Afraid to “Like” Me?
Through a number of recent conversations with friends, I have come to realize that there are likely a lot fewer people out there who “like” me (on Facebook, social media) than those who like me. And these are real, actual friends I am talking about, not social media “friends”. If even my friends are thinking of the consequences to their careers and families, for example, of publicly acknowledging their viewpoints, I can only imagine what it is like for those that do not even know me.
I get it. I’m sure I’ve done the same thing: not “liked” something on Facebook, for example, for fear of what others will think. This fear comes in many different flavors: What will my significant other think? What will my boss think? What will my neighbors think? Will I alienate people? What will they say about me? And this, coming from someone who gives zero craps about what others think compared to most people. (I mean, after all, if I really cared all that much, I wouldn’t be writing things that people are afraid to “like”, now would I?)
I’m not knocking anyone for this. I do not take offense when my friends tell me in confidence how much they like my blog, and why they don’t “like” it. I do not stand in judgment of it, either. We all must make the choices that we believe are best for us.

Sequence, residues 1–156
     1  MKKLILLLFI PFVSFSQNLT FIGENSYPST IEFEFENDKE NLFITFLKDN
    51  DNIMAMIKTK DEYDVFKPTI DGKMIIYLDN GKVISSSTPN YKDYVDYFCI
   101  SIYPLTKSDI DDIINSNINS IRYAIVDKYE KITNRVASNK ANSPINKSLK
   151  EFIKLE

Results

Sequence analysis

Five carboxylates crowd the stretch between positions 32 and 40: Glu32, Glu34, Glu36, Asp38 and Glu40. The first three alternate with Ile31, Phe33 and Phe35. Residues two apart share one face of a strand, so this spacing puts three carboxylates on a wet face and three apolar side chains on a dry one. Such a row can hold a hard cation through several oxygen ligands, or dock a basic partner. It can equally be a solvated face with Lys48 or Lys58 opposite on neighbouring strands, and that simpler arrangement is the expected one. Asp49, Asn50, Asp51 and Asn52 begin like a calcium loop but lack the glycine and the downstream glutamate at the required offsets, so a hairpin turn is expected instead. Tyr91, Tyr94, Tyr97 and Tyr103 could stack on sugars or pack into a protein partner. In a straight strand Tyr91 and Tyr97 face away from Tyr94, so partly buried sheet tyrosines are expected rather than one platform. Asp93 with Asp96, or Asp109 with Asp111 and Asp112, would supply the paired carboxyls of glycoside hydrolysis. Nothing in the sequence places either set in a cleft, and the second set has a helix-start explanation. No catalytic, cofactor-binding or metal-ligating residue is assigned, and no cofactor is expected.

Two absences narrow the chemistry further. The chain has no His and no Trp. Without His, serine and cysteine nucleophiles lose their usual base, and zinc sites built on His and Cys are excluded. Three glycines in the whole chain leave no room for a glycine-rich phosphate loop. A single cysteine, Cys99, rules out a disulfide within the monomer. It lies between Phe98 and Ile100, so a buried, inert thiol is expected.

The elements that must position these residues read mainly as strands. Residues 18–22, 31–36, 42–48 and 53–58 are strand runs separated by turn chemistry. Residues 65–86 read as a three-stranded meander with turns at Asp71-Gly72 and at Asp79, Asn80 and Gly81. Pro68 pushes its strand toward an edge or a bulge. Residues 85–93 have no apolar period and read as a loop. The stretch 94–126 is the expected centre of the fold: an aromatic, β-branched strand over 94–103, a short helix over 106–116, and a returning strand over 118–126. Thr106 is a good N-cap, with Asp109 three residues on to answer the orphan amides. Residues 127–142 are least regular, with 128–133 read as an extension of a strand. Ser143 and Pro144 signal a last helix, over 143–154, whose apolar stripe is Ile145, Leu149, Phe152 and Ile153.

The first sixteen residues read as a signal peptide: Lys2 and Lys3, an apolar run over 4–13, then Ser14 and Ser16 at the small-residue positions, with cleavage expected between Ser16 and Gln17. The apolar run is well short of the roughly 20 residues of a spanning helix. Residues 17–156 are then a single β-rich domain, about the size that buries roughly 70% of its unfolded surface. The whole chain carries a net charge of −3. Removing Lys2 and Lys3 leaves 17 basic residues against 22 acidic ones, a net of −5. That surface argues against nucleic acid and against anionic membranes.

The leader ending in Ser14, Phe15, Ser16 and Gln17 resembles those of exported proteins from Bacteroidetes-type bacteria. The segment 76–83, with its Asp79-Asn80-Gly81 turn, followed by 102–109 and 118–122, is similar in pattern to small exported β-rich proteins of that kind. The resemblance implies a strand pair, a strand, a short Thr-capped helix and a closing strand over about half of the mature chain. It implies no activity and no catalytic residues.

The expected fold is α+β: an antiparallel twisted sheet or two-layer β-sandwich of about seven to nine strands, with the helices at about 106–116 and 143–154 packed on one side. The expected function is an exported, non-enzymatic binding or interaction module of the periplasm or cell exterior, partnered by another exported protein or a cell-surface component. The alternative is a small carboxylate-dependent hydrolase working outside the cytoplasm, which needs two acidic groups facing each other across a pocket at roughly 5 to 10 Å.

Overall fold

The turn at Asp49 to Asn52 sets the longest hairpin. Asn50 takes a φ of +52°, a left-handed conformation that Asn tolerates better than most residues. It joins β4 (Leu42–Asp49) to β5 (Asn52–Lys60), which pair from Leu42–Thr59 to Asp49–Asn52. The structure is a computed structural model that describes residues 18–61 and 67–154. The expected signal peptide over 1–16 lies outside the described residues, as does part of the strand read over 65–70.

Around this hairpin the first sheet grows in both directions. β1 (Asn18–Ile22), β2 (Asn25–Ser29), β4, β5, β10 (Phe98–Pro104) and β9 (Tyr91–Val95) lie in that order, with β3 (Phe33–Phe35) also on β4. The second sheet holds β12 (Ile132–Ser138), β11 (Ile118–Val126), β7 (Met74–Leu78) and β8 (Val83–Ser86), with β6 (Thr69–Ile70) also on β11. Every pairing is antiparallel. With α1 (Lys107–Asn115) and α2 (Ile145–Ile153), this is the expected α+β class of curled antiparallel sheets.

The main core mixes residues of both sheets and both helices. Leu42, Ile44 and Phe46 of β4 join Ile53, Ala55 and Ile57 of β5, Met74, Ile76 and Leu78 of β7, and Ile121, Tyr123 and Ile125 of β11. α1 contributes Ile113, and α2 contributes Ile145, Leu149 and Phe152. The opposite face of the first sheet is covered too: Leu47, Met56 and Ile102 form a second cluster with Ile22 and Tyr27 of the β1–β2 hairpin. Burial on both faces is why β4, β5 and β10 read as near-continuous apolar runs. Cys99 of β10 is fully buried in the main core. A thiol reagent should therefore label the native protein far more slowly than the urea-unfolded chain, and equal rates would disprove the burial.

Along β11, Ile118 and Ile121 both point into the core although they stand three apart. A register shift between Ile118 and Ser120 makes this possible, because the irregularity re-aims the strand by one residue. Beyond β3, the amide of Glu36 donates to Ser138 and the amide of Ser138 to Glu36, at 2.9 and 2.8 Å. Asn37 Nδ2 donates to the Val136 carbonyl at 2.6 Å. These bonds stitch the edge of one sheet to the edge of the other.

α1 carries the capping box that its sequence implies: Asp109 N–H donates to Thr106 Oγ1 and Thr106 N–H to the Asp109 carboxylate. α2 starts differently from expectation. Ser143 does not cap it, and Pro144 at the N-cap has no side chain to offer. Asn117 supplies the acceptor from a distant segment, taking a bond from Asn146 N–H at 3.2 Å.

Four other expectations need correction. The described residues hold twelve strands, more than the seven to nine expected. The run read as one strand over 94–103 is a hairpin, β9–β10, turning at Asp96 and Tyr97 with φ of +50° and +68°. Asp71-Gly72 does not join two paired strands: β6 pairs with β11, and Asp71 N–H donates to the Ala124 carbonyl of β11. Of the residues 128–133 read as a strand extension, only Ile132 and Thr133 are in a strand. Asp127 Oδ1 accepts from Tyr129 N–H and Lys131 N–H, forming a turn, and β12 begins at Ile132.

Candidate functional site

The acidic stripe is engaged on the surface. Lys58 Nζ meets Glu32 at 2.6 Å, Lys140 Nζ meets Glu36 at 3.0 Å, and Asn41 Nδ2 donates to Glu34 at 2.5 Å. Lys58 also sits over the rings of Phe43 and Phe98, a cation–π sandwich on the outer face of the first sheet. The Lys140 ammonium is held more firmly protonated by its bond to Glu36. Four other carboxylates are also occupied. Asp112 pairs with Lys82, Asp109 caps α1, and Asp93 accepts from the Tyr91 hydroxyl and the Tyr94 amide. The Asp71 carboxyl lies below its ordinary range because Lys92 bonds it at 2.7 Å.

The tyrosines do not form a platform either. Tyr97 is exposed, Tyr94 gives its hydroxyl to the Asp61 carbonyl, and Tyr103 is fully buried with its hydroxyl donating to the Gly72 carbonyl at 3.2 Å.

AND, here’s what I would say about it: it’s not really all about me. Well, it IS all about me, and it’s not. 😉
It’s all about becoming aware.
It’s all about making choices, in general, related to going public with our beliefs.
The more we feed into the societal judgments about things like sex, non-monogamy, homosexuality, bisexuality, and BDSM- in this case- the more we perpetuate them. The more we hide in fear, the more we keep the old ways of shame, public humiliation, chastisement, and even criminalization of certain behaviors going.
What if, little by little, we all became a little braver about putting ourselves out there? What if we allowed ourselves to know who we are, first of all, and then allowed others to know who we are and what we stand for? What if it wasn’t so “weird” to like kinky sex? What if more people understood what it really is, and not just the stereotypes? What if transgendered people were not so misunderstood? What if more and more people started to talk more openly about sex in general? What if, rather than being thought of as bad and dirty, sex were thought of as sacred and beautiful…ALL kinds of sex? What if rather than calling someone a “dick” or a “cunt” to insult them, people started thinking of lingams and yonis as positive things?
And, I know, I know, we are already doing all of these things. We are moving toward them. We are making progress.
Today, I am simply shining the light on this one aspect of our evolution as human beings. I look forward to the day when we have made it over this hump, so that the fears we have today of judgment and condemnation for our beliefs and behaviors become whispers rather than the screaming voices which they sometimes are.